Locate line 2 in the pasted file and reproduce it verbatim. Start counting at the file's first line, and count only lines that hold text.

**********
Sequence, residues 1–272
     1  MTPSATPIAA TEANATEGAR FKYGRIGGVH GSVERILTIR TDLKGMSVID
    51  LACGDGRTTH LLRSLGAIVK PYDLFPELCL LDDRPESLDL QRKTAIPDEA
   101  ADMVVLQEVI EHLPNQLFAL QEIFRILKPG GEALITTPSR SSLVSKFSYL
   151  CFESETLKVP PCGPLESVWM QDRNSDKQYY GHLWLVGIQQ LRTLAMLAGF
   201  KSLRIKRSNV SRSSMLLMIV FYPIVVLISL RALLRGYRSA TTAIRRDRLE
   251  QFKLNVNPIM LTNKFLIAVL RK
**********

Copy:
     1  MTPSATPIAA TEANATEGAR FKYGRIGGVH GSVERILTIR TDLKGMSVID